• 55. 36 IBM PowerVM Best PracticesIn a DR situation where these disk structures do not exist and network cards areat different location codes, you need to ensure that you back up the followingdevices:Any user-defined disk structures such as storage pools or volume groups andlogical volumes.The linking of the virtual device through to the physical devices.These devices are mostly created at the Virtual I/O Server build and deploy time,but change depending on when new clients are added or changes are made.Backing up disk structuresUse the savevgstruct command to back up user-defined disk structures. Thiscommand writes a backup of the structure of a named volume group (andtherefore, storage pool) to the /home/ios/vgbackups directory.The savevgstruct command is automatically called before the backupcommences for all active non-rootvg volume groups or storage pools on a VirtualI/O Server when the backupios command is run. Because this command is calledbefore the backup commences, the volume group structures are included in thesystem backup. For this reason, you can use the backupios command to back upthe disk structure as well.Backing up device mappingsThe physical and virtual device mappings are contained in the viosbr backupthat is described in “viosbr command” on page 35. You can use the viosbrcommand to view the device mappings, as shown in Example 3-3.Example 3-3 List device mappings from a viosbr backup$ viosbr -view -file vios22viosbr.01.tar.gz -mappingDetails in: vios22viosbr.01SVSA Physloc Client Partition ID------------------- ---------------------------------- --------------------vhost0 U8233.E8B.061AB2P-V2-C30 0x00000003VTD rootvg_lpar01Status AvailableActivate volume groups: The volume group needs to be activated for thebackup to succeed. Only the active volume groups or storage pools areautomatically backed up by the backupios command. Use the lsvg or lsspcommands to list and activatevg to activate the volume groups or storagepools if necessary before you start the backup.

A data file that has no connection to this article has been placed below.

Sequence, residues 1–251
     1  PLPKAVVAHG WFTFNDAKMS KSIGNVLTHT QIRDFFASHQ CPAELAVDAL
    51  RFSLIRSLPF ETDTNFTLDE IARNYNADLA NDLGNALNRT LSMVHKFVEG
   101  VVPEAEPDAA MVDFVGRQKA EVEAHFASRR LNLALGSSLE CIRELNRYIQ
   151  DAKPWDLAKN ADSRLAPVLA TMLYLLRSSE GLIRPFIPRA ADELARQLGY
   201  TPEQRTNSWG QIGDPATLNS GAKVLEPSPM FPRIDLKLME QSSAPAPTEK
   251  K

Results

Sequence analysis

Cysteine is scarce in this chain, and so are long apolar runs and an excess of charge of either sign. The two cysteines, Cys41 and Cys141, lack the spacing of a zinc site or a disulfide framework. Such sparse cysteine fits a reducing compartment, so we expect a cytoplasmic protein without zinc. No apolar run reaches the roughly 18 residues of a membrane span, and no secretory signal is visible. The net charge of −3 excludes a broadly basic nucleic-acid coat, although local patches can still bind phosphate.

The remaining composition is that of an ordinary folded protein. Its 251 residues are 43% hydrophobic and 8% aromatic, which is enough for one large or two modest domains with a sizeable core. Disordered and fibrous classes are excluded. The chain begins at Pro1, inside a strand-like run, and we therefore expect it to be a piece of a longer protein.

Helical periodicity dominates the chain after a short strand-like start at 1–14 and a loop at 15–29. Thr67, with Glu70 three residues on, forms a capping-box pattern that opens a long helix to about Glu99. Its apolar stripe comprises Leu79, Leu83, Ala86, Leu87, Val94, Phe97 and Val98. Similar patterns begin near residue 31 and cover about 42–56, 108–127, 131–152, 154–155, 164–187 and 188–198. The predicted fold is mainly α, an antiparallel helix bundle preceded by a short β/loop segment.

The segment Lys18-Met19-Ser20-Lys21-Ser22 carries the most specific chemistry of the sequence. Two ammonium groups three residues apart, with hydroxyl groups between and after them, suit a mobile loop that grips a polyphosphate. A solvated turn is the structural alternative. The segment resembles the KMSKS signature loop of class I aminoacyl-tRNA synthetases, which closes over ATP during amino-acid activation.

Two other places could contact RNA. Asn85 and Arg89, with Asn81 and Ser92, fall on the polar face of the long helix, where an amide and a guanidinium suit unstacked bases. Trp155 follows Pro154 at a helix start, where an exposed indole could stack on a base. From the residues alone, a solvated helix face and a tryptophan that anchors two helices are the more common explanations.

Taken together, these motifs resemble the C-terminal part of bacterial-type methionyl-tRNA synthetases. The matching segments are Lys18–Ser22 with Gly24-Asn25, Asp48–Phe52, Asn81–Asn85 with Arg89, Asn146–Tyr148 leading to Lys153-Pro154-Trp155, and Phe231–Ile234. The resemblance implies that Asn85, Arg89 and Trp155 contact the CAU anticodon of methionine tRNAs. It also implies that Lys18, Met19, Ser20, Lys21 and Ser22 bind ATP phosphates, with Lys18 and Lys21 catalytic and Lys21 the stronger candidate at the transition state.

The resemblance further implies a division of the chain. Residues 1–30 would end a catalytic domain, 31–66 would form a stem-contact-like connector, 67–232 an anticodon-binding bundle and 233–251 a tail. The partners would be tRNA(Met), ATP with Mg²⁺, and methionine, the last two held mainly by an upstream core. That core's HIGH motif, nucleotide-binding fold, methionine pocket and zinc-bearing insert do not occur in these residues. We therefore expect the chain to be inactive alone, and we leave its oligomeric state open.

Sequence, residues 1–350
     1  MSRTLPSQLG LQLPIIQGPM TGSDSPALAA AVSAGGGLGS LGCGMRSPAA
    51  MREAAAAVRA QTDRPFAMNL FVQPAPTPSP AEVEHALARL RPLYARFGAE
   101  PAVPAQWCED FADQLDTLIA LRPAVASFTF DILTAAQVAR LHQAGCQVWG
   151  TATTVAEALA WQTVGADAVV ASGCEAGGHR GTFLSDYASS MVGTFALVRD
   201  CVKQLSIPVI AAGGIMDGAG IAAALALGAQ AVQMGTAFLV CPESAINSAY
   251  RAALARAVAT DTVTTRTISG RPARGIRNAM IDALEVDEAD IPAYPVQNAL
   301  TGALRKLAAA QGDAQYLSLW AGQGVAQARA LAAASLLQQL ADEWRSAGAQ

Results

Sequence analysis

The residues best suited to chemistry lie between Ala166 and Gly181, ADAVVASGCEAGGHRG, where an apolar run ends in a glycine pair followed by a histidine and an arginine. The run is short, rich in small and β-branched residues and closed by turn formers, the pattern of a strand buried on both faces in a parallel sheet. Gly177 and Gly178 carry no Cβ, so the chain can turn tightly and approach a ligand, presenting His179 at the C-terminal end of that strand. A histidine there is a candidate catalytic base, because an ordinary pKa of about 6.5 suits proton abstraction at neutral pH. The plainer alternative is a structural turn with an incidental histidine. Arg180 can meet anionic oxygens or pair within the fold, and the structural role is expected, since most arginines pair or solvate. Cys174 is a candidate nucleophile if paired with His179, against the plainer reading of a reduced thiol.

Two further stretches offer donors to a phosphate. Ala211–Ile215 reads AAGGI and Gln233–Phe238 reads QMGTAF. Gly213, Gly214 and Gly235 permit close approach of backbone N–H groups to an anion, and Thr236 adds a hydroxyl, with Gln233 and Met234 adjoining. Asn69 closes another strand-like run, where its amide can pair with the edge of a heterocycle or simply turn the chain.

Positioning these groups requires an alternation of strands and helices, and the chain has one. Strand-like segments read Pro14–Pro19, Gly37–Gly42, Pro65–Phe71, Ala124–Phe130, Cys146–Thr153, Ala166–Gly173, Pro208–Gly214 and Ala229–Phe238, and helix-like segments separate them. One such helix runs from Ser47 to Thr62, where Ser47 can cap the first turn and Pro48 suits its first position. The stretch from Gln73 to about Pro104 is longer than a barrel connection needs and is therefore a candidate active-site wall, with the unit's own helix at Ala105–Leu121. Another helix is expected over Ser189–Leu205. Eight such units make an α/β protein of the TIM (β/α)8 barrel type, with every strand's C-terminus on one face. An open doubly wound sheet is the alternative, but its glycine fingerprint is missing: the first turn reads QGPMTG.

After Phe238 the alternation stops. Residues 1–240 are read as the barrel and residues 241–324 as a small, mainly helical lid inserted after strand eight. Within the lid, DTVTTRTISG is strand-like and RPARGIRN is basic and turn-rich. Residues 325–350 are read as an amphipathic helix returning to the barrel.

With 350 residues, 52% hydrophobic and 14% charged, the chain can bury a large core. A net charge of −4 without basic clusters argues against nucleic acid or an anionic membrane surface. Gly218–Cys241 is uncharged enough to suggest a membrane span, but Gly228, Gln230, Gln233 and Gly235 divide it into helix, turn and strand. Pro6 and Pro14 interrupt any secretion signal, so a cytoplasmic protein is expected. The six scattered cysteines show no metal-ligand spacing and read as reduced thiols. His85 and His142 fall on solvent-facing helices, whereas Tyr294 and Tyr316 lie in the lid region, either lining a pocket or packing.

• 56. Chapter 3. Administration and maintenance 37LUN 0x8100000000000000Backing Device hdisk3Physloc U78A0.001.DNWHZS4-P2-D6Mirrored falseSVEA Physloc------- ---------------------------------------ent6 U8233.E8B.061AB2P-V2-C111-T1VTD ent11Status AvailableBacking Device ent10Physloc U78A0.001.DNWHZS4-P1-C6-T2In addition to the information that is stored in the viosbr backup file, a full systemconfiguration backup can be captured by using the snap command. Thisinformation enables the Virtual I/O Server to be rebuilt from the installation mediaif necessary. The crucial information in the snap is the output from the followingcommands:Network settings– netstat -state– netstat -routinfo– netstat -routtable– lsdev -dev entX -attr– cfgnamesrv -ls– hostmap -ls– optimizenet -list– entstat -all entXSlot numbers: It is also vitally important to use the slot numbers as areference for the virtual SCSI, virtual Fibre Channel, and virtual Ethernetdevices. Do not use the vhost/vfchost number or ent number as a reference.The vhost/vfchost and ent devices are assigned by the Virtual I/O Server asthey are found at boot time or when the cfgdev command is run. If you add inmore devices after subsequent boots or with the cfgdev command, thesedevices are sequentially numbered.The important information in Example 3-3 on page 36, is not vhost0, but thatthe virtual SCSI server in slot 30 (the C30 value in the location code) ismapped to physical volume hdisk3.